Charlie began teaching at St Lukes School, Portsmouth on 28 August 1905 and also taught at the school’s Evening Institute. Eadie returned to London where she probably taught at Daniel Street School, Stoke Newington (there is an entry in the autograph book which reads Daniel Street School 1909). Would Charlie’s feelings for Eadie wither because of the distance between them socially and geographically – Stoke Newington being about seventy-five miles from Portsmouth?
Charlie was an active man. He swam regularly, coached the school football team and cycled. It was quite possible to pedal to London and back spurred on by the fuel of ardour. However, on his arrival, probably dusty/muddy, flushed and unkempt, Charlie was turned away on more than one occasion by Eadie’s parents. This action may be somewhat hard to understand as Eadie’s father was a keen cyclist and the captain of a local cycling club. He would have known the effort that lay behind Charlie’s journey. One senses therefore the hand of Eadie’s mother in the rejection of the weary suitor. According to his son, Charlie’s social skills were lacking and his manner of speech might include the occasional expl**tive. On the back of one photograph of himself, Charlie has plaintively written, ‘Dear Edie (sic), I’ve just come to wish you a Very Happy Xmas and for the New Year, every good wish for health and happiness. Yours always, Charlie.’ Was this card presented on an occasion when Charlie was not allowed across the portals of the Dee home?
The wedding
Charlie’s love and persistence won through. Four years after leaving college the couple were married at St Mary’s Parish Church, Stoke Newington (shown below) on Saturday afternoon, 29 May 1909. The local interest in the marriage of the daughter of a local councillor was reflected in the assigning of three column inches to the wedding by the Hackney Recorder!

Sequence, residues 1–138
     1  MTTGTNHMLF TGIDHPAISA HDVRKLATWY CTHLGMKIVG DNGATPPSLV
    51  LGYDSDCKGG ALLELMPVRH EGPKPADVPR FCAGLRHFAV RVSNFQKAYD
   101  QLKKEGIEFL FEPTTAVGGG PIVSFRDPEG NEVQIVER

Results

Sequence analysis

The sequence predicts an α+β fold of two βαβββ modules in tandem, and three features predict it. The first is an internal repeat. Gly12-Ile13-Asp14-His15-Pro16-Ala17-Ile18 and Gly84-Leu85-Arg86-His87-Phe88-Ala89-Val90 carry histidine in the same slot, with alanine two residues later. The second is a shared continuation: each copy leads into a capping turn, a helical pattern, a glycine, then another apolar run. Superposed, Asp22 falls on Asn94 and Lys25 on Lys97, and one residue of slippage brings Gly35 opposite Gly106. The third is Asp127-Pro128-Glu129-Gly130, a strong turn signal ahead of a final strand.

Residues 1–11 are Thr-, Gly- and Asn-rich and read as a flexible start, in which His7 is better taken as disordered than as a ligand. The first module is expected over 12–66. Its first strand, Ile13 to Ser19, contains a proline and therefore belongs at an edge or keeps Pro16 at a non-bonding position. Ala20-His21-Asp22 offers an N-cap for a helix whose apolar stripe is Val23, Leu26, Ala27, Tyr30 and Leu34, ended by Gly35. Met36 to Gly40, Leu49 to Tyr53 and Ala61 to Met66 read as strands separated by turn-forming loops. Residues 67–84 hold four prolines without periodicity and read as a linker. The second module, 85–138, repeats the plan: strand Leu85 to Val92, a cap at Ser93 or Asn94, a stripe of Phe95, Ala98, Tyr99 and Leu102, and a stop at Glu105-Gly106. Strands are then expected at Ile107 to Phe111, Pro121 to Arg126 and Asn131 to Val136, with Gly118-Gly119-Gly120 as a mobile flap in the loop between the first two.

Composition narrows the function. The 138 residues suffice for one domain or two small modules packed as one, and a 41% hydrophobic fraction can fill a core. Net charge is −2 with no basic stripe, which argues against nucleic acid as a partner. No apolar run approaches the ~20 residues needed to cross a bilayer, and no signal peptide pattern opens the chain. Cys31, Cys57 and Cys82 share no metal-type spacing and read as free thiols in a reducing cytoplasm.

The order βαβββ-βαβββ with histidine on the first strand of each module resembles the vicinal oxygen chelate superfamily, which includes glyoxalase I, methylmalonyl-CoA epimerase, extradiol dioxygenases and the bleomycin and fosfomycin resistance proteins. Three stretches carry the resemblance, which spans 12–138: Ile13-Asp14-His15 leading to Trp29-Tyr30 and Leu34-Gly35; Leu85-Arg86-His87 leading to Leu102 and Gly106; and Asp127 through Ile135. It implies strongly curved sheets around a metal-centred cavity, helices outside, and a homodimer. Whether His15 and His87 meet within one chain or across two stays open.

(From l to r): seated at the front, Marjorie Dee and Elsie Dear. Next row, bridesmaids - Violet Jamieson and Dora Dee; Rose Mills; Annie Dear, Ann Dear, George Dee and William Dear. To Charlie’s left is Bella Jeffrey. and behind the bride is Archie Mills. Above him is Matilda Mayston. To the bride’s right are Gertie, Ethel and Eliza Dee with her husband
The ceremony was conducted by the Rector, Rev. E. B. Salmon. Eadie was dressed in white silk with a pretty lace veil and orange blossom wreath. She was attended by six bridesmaids: her three sisters, Dora, Gertrude and Marjorie Dee, and three cousins, Ethel Maude Dee, Violet Jamieson and Elsie Dear. The bridesmaids wore white muslin and silk dresses with rose trimmed, leghorn hats. Archie Mills was the best man. Charlie’s presents to the maids were white satin, hand-painted bags and scent bottles. The wedding breakfast was served to more than fifty guests at George Dee’s home, Fairholt Road, Stoke Newington. Ironically (in view of Charlie’s travels and travails), the presents included a case of silver salt
cellars from the Clapton Wanderers Cycling Club, of which George had been captain. Charlie and Eadie left for their honeymoon at Bournemouth – the bride wearing a mole costume with Tuscan hat trimmed with scarf.
The 1911 census
On census day, Charlie and Eadie were visiting their old friends from college at 162 Avenue Road Itchen, Southampton.
Their children and early homes
A daughter, Grace Edith, (my mother) was born on 24 June 1912 and Patrick Mills was born on 15 March 1914.
Charlie’s war
After searching for more than a decade, that I have discovered where Charlie served in WWI - and this was because I identified his cap badge in a photograph. This opened the door for more information which was found in newspapers. The photo was of Charlie rowing a boat with his father- in-law, George Dee: